Introducing Dr. Amr Sawalha
Even in medical school at the Jordan University of Science and Technology in Irbid, Amr Sawalha was interested in rheumatology.
“The etiology and pathogenesis of autoimmune and inflammatory diseases are not completely understood, and I felt that I would like to contribute towards a better understanding of these diseases by being actively involved in research,” he recalls. “The status quo has changed dramatically for some of these diseases, but certainly not for others. For example, rheumatoid arthritis used to be treated primarily with NSAIDs and now look at how many more options and biological therapies are available. The life of patients with rheumatoid arthritis has dramatically improved by all the new biologics. This is not the case in lupus or vasculitis, where not many new treatment options are available.”
Armed with this motivation to help people with these diseases lead better lives, he began a rheumatology fellowship at the University of Michigan in 2003. Today, he is an associate professor of medicine in the division of rheumatology at the University of Oklahoma Health Sciences Center & Department of Veterans Affairs Medical Center in Oklahoma City.
A Rare Disease
Sawalha’s most recent research deals with the genetics of Takayasu arteritis, a form of vasculitis. The rare disease affects large blood vessels, the aorta and the large branches that supply blood to the brain, arms and legs. The resulting inflammation can cause blockage of blood vessels that reduces blood supply to different parts of the body.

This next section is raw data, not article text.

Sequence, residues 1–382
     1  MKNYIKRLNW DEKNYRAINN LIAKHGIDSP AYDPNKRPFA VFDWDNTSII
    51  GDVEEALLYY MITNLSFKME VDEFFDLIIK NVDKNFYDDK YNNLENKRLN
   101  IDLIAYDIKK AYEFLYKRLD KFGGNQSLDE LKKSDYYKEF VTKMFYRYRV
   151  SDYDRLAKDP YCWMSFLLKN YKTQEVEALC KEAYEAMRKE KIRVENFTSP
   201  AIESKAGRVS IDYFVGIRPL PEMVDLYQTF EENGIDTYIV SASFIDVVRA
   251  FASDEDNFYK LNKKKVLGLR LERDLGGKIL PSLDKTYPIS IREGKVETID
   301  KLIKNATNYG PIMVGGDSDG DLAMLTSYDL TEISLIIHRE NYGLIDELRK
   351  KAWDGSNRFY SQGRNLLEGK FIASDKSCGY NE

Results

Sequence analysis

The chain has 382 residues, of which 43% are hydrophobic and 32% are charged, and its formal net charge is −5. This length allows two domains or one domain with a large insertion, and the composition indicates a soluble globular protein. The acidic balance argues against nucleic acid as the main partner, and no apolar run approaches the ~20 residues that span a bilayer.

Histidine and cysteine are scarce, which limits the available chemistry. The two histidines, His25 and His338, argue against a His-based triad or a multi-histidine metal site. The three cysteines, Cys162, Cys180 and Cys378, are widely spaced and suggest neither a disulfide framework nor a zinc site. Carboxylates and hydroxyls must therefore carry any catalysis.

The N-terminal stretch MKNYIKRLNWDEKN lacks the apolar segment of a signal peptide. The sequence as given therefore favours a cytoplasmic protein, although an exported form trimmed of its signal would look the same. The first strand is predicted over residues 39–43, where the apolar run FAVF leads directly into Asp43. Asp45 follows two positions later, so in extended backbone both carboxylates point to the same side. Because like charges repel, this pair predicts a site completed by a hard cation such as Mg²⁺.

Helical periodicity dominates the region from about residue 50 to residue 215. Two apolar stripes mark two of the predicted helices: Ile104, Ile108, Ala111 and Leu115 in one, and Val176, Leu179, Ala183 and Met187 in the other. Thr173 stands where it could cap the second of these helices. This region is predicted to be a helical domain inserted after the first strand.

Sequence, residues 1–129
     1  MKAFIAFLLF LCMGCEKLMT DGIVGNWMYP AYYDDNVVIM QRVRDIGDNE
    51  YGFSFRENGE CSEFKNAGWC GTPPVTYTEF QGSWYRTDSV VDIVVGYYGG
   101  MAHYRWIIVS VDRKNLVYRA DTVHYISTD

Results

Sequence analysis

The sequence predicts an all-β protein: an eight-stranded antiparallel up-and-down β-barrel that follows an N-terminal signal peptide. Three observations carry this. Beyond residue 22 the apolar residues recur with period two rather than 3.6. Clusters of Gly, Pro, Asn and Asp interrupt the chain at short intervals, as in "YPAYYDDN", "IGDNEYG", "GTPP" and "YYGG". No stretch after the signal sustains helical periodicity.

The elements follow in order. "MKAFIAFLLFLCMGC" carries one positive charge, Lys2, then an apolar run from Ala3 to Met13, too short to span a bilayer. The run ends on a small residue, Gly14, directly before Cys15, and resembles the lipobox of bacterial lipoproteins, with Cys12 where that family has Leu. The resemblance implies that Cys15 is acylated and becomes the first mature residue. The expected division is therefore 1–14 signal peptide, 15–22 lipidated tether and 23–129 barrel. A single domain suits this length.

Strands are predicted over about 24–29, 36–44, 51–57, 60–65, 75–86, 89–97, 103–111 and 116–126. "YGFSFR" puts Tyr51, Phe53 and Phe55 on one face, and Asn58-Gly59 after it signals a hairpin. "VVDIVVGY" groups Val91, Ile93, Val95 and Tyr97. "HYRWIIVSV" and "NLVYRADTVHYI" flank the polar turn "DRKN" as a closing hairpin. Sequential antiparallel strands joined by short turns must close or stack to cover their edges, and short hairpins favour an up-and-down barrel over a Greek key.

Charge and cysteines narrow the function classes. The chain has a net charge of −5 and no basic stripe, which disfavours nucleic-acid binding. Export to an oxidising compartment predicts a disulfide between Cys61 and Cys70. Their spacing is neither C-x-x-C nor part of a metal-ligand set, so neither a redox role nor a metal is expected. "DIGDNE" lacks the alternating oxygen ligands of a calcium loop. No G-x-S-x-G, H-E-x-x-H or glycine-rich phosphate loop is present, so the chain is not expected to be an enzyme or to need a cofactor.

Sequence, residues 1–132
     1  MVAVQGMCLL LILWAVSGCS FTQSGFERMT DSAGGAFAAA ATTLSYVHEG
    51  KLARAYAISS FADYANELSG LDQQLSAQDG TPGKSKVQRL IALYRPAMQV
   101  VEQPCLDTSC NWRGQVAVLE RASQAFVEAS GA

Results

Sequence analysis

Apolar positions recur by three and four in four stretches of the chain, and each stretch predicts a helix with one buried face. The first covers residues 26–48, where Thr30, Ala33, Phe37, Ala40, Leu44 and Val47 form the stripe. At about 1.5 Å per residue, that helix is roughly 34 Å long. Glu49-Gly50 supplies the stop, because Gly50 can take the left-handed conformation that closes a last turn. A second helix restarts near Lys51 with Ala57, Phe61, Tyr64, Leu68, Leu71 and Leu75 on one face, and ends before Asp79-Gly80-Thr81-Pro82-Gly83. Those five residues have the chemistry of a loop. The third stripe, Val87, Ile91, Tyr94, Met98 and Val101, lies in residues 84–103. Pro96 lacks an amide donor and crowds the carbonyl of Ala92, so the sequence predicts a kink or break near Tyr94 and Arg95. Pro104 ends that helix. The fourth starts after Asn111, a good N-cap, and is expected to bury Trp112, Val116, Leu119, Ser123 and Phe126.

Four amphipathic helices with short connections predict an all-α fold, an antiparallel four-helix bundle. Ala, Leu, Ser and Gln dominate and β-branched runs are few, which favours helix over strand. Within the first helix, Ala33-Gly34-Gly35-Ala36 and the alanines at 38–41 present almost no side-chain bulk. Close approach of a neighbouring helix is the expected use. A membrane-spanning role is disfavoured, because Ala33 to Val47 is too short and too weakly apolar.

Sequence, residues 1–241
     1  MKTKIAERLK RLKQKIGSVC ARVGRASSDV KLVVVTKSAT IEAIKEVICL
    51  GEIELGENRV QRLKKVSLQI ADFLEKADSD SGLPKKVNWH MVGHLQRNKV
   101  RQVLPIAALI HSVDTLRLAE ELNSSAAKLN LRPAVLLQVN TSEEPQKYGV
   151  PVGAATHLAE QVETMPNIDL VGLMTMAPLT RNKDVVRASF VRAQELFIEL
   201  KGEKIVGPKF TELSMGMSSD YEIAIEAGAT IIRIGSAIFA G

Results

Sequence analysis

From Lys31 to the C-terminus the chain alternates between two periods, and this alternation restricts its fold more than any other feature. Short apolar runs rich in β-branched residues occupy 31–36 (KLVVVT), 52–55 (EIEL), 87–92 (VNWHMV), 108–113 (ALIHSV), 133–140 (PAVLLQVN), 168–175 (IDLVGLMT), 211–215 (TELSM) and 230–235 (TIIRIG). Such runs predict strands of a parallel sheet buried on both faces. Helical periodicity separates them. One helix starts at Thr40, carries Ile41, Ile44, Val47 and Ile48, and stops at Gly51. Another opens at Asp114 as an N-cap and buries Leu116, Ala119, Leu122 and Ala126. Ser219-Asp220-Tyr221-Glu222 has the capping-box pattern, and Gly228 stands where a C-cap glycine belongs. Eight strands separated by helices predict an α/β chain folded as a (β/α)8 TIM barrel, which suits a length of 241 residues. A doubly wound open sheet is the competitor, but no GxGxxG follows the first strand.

“We do not know what causes this disease, therefore our treatment options are limited and have serious side effects,” he laments. “If we understand the genetic basis of Takayasu arteritis, we will be able to understand how it develops.”
A Landmark Study
Research into the causes of and potential treatments for rare diseases like Takayasu arteritis is often hampered by lack of funding. Sawalha, however, is a recent recipient of a $50,000 grant from the VF to perform the first genome-wide association study of Takayasu arteritis. The research also will validate, fine-map and localize the genetic effects discovered for this debilitating disease.
“After we discover these genes, we will confirm our findings by specifically examining even more variants in the genes we discovered,” he says. Sawalha hopes his research will result in better treatments and better lives for patients affected. “This will be the first step towards developing more effective treatments.”
An Important Funding Source
Funding from the VF is critical to creating a better understanding of rare and serious diseases like Takayasu arteritis, Sawalha says.
“Research is very expensive and with the NIH budget being flat, support from foundations like the Vasculitis Foundation is critical to enable the development of better treatment options for patients with vasculitis,” Sawalha notes. “The VF will not be able to survive without the help and donations it receives from the dedicated people who provide financial support.”